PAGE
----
Wyoming legislators went home from the 2023 general session without advancing a key element of Sunshine Week.
Established in March 2005, the week has primarily been devoted to open records and open meetings, with print and broadcast newsrooms, associations, colleges and instructors celebrating and advocating for the public’s right to access government information.
But in addition to improving access to public records and ensuring sessions covered under open meeting laws aren’t closed, another vital issue is often left out of these conversations. It is consistent with the government not impeding journalists’ efforts to provide the public with credible news from confidential sources that may otherwise not come forward.
The issue generally doesn’t get much attention in Wyoming, which joins Hawaii as the only two states without a shield law. States with these laws allow journalists to protect news sources that need anonymity, so they can disclose information that is in the public interest without fear of retribution from the government, employers and others.
Courts granting journalists limited privileged communications with their sources enable reporting on alleged crimes and other wrongdoing that might otherwise not see the light of day. Under shield laws reporters are protected from disclosing whistleblowers’ identities or from furnishing the materials they’ve provided. Without shield laws journalists who assure anonymity could be ordered by a court to expose their sources or else face prosecution.
Most journalists I know would take jail time rather than break a promise to a source, but requiring them to make that choice encroaches on the First Amendment’s freedom of the press. While the U.S. Supreme Court hasn’t bought that argument and Congress still hasn’t passed a federal shield law, states have created their own patchwork of laws covering different levels of protections for journalists and their sources.
The Wyoming Legislature has considered three shield-law bills in the past four years and rejected them all. The latest, House Bill 91 – news source shield law, was an unrealized opportunity for Wyoming to advance from not even having a shield law to passing one of the most up-to-date laws in the country.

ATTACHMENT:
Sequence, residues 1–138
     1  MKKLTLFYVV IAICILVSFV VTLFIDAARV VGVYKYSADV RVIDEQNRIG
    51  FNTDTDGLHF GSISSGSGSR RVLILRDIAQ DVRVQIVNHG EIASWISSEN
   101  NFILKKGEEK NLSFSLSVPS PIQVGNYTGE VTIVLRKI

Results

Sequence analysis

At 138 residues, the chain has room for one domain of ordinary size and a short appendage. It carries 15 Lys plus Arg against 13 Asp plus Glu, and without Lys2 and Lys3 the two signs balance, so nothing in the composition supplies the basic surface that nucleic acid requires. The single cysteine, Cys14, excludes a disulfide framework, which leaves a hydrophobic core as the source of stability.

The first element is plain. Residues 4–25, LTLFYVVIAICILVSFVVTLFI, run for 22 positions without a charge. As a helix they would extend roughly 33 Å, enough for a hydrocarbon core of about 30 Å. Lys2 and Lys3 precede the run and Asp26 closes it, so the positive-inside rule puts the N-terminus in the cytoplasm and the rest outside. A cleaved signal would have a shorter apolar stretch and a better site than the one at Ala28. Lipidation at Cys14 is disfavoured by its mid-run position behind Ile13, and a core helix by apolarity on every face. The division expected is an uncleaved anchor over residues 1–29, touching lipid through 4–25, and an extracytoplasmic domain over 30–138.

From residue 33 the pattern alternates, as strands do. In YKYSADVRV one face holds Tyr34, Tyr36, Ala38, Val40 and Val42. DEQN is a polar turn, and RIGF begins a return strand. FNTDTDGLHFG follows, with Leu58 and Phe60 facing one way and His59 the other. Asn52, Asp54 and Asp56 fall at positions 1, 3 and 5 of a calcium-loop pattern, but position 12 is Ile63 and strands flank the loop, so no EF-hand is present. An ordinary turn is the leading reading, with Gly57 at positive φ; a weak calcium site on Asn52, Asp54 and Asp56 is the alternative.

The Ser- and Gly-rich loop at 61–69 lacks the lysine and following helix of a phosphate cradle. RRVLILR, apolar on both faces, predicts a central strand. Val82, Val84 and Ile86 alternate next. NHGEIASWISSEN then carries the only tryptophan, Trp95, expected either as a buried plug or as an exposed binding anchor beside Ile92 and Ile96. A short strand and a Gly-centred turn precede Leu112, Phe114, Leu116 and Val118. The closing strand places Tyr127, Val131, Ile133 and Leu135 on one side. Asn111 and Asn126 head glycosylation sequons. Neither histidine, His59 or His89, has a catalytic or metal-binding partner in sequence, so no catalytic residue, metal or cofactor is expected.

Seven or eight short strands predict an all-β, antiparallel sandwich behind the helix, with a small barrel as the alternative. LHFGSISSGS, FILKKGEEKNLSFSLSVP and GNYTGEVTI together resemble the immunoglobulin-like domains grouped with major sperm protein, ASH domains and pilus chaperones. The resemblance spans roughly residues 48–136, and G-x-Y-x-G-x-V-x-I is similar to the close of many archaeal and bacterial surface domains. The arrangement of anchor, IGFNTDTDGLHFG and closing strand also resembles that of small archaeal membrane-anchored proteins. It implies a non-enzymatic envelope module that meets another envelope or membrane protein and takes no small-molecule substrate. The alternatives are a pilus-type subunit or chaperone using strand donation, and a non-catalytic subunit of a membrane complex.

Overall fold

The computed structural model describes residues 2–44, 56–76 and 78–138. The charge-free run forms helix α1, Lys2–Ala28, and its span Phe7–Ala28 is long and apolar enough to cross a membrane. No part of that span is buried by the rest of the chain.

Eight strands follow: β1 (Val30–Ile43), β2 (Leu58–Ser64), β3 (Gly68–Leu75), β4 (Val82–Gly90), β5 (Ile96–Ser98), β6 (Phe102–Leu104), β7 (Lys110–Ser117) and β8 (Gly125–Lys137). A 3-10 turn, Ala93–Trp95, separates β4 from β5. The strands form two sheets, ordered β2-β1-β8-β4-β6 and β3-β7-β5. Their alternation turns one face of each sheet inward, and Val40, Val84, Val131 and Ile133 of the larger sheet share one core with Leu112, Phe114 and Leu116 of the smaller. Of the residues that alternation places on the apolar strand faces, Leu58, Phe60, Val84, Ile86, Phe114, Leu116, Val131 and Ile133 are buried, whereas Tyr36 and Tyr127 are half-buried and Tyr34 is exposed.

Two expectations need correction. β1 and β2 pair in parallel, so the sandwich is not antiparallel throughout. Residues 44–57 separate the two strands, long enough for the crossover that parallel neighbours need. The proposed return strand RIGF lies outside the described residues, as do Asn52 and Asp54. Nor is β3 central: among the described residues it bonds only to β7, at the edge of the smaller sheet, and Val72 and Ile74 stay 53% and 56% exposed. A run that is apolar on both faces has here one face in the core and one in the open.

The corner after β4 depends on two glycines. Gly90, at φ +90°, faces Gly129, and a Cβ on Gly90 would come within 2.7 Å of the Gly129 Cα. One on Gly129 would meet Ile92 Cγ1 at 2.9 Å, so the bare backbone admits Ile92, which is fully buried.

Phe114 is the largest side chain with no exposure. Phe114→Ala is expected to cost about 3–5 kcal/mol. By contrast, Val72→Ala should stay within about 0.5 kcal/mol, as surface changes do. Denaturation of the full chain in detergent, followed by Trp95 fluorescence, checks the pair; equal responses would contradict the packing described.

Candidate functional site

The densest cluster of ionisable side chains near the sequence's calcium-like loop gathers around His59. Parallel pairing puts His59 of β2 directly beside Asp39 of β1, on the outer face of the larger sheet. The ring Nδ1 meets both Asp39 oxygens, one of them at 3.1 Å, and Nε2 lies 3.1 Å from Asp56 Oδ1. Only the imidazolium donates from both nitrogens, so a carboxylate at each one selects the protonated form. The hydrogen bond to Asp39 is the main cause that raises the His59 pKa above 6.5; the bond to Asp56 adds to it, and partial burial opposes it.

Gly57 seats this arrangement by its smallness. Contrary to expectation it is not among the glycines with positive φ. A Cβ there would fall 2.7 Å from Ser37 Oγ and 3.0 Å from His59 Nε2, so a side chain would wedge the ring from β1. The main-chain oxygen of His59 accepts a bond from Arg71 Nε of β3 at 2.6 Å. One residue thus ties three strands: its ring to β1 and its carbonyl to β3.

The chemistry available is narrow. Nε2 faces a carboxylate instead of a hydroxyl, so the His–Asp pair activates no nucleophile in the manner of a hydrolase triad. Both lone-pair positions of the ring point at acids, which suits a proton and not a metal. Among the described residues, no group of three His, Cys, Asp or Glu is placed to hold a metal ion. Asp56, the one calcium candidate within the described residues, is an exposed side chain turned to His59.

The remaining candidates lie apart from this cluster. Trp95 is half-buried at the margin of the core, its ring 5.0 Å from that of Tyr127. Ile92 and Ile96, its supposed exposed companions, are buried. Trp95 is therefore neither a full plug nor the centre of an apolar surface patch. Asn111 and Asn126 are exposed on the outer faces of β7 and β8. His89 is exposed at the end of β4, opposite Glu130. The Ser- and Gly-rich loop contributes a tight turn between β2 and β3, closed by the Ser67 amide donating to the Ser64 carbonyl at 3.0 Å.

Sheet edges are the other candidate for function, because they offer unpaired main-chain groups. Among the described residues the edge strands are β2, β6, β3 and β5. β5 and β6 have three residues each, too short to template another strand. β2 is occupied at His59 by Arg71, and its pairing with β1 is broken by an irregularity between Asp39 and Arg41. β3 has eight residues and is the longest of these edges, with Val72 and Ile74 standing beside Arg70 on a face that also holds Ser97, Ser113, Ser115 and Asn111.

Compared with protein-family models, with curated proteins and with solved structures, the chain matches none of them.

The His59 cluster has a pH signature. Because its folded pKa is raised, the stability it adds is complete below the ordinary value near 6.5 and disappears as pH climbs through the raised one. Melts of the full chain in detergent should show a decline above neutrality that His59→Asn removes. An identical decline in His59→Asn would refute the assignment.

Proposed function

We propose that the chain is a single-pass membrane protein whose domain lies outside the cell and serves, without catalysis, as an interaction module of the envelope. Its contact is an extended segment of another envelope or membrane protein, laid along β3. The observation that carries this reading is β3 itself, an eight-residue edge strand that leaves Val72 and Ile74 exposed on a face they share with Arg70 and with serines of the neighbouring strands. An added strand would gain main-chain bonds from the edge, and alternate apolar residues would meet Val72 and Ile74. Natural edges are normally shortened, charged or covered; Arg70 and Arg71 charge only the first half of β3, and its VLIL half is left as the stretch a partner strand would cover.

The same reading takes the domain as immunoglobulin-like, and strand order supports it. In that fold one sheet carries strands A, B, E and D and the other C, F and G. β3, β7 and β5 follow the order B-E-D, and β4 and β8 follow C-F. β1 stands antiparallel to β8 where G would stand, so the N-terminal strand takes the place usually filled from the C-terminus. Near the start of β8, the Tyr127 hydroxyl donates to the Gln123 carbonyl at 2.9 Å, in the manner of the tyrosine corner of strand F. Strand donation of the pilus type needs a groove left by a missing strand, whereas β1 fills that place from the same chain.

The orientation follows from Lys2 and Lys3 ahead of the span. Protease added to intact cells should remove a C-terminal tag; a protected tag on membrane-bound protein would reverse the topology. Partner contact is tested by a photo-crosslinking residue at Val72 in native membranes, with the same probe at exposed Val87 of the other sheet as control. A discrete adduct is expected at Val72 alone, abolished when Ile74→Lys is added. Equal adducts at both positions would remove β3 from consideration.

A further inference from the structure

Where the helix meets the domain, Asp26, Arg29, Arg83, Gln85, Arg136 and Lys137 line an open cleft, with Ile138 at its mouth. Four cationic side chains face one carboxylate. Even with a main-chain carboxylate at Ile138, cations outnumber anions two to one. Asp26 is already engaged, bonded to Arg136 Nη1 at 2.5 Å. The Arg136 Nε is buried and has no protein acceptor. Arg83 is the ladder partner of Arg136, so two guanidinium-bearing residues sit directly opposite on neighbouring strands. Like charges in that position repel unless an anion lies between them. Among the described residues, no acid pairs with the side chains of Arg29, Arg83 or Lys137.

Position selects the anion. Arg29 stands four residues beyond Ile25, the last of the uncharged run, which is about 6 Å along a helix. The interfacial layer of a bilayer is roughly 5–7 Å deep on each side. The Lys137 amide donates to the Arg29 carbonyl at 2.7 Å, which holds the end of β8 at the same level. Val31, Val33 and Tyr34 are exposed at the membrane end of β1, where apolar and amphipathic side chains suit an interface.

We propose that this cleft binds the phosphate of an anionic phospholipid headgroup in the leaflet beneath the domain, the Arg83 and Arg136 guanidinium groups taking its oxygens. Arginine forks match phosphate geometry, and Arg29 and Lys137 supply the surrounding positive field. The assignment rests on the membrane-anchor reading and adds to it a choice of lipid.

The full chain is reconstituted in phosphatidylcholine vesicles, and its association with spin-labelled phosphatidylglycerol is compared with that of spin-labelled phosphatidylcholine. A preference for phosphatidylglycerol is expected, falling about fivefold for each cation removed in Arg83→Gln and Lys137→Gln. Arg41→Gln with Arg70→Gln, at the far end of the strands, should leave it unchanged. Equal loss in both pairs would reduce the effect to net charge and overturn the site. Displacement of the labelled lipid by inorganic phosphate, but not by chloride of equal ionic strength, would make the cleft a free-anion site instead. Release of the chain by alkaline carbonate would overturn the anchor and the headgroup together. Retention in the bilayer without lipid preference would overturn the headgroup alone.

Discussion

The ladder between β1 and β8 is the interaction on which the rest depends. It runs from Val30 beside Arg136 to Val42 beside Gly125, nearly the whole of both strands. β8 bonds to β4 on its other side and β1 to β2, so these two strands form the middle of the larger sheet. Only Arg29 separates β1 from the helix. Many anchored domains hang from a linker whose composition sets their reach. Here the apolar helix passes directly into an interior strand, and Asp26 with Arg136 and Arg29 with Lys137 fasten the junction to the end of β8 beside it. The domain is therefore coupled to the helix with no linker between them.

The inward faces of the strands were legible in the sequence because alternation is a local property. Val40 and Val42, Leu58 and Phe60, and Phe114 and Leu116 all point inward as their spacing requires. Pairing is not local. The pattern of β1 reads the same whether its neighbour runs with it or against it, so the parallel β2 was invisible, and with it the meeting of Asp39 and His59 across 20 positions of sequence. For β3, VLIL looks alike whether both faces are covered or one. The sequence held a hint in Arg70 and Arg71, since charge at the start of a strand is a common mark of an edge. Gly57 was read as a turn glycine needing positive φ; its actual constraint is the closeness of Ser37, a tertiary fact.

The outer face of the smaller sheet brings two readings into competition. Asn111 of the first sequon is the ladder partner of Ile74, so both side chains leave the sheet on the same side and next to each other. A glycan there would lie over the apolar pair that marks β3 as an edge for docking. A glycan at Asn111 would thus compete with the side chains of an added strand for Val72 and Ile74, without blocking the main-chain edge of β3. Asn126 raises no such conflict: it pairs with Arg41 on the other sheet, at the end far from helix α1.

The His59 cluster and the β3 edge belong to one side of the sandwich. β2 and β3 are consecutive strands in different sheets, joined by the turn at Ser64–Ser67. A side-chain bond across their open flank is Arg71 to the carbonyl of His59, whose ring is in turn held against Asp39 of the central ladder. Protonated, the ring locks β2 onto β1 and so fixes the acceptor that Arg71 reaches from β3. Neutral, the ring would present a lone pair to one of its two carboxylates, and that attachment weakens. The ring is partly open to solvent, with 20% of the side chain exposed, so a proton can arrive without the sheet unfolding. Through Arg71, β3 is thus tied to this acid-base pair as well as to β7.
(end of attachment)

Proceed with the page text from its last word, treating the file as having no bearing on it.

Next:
The first bill was sponsored in 2020 by now-retired Rep. Charles Pelkey (D-Laramie). The House vote was 37-23, but because bills during a budget session require two-thirds approval, it fell three votes short.
Rep. Dan Zwonitzer (R-Cheyenne) picked up the ball during the next general session, and the second bill passed the House, 36-24. But as often happens with worthy legislation, it ran into a roadblock in the upper chamber. The measure died by a single vote in the Senate Judiciary Committee when three members didn’t like the bill’s definition of what kind of journalists would officially be granted the privilege.
To address that concern, Zwonitzer returned with HB 91 this year. Instead of listing the types of journalism professions the bill covered, Zwonitzer focused on the type of news they produce.
Because many existing state laws are outdated and don’t take into consideration media’s rapid evolution, the sponsor proposed airwaves, print, internet, computer applications and other means of communication.
Only Rep. Cyrus Western (R-Sheridan), a member of the House Minerals, Business and Economic Development Committee, wasn’t satisfied with Zwonitzer’s fix. The committee added “independent journalists” to the list of current and former journalists covered under the bill.
House Bill 91 defined potential confidential material as “any written, oral, pictorial, photographic or electronically recorded information or communication concerning local, national or worldwide events,” or other matters of public concern or public interest or affecting the public’s welfare.” That includes a reporter’s unused notes and videos that aren’t aired.